Autumn is Here
Late in the year, sources of nectar are scarce and those species that depend on it concentrate around the dwindling resource. Wild anise, a few thistles and other small flowers support that insect population and therefore increase a photographer's opportunities to see species often dispersed over a much larger area, so a short walk along the river bar can turn up a surprising variety.
A few years ago, I was delighted to find a potter wasp (family Eumenes), a creature I'd read about but never seen. These medium-small wasps capture, and sting tiny caterpillars repeatedly giving measured doses in exactly the right places to completely immobilize but not kill. Then they entomb them in a mud cell made in advance and lay their eggs on them assuring fresh food for the next generation. I was delighted to photograph two markedly different varieties both within 50 meters of each other. As adults they feed almost exclusively on nectar, leaving their high protein insect victims for their babies growing in their little cells. They will overwinter there as larvae or pupae to emerge next spring and perpetuate the cycle
Among the brilliant inflorescences I spotted an equally yellow moth landing, and managed to get one shot of it before it took off. A few minutes with the book Moths of Western North America and I think I've found it, Rectiostoma fernaldella.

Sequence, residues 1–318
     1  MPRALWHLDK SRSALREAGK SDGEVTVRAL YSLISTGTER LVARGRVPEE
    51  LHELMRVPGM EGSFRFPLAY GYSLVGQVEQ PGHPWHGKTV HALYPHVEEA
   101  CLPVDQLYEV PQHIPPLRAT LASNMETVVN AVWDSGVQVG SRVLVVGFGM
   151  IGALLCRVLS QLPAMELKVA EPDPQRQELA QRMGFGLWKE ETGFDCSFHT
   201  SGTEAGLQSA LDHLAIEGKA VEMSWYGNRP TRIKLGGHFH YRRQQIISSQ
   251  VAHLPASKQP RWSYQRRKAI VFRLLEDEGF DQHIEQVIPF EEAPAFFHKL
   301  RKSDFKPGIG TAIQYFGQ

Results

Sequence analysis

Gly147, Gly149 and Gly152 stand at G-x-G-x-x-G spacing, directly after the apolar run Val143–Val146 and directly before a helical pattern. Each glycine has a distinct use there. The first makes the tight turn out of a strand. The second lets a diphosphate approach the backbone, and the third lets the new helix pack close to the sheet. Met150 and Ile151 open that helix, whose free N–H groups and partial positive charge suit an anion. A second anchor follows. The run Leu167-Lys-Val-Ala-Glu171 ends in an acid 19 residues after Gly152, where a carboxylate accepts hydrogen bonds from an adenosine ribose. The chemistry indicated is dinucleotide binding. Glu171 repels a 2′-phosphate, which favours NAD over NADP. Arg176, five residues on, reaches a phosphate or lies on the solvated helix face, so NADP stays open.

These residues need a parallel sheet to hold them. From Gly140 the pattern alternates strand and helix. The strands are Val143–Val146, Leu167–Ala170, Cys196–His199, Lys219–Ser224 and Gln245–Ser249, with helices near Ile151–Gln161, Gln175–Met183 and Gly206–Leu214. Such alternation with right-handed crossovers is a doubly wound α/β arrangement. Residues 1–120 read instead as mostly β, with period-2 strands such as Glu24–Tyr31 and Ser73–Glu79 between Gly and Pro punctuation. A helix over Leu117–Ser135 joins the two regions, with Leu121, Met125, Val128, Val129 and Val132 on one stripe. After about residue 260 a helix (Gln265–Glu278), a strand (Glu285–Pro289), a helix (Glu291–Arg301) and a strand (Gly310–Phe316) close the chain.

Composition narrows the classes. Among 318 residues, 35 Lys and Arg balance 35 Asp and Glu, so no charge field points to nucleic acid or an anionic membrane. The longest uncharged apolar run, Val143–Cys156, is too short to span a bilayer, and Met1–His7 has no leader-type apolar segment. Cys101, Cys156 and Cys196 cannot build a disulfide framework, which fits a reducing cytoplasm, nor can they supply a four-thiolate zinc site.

The day was rounded out with a tiny green eyed fruit fly of the family Tephritidae, characterized by the remarkable patterns on its wings.
Why No Cricket Choruses?
A reader recently asked why he didn't hear grand evening choruses of crickets in Humboldt. Like much in nature, while the question may be simple the answer is not. According to Dolbear's Law, the chirp rate of a given cricket (which species is a bit ambiguous) can be used to calculate the temperature. One derivation is to count the number of chirps in 15 seconds and add 40 to get the temperature between 55 and 100 degrees F. Evenings on the North Coast are seldom that warm. What we hear in the evening in many places are likely any of several species known collectively as field crickets. While I've seen a few locally, this area does not seem to support a large population. In my experience, we're most likely to hear tree crickets here — several related species that don't accumulate in masses sufficient to form a chorus. They're mostly limited to solos, duets, trios and the occasional quartet in a bush. Many species do not sing at all, filling their ecological niche in silence.
Recently there has been some chatter on the web in entomological groups about anecdotal evidence of collapsing insect populations. I call it the Windshield Conundrum: noticing fewer splats on the front of our cars. I notice fewer insects around my front porch light at night, too. These tiny observations taken as a whole may indicate that, at least in some places, humankind may be winning our age old battle against bugs. Considering how important insects are in the ecology, it's a war we don't want to win.
So to answer the original question: 1) The local environment does not support enough crickets to form large choruses. 2) Local evening temperatures seldom rise enough to motivate many males (only they chirp) to sing mating calls. 3) There may be fewer critters than in past days overall due to environmental changes, anthropogenic or otherwise. 4) Our local species prefer singing their love songs as solos. 5) And — most likely — some combination of all of the above.
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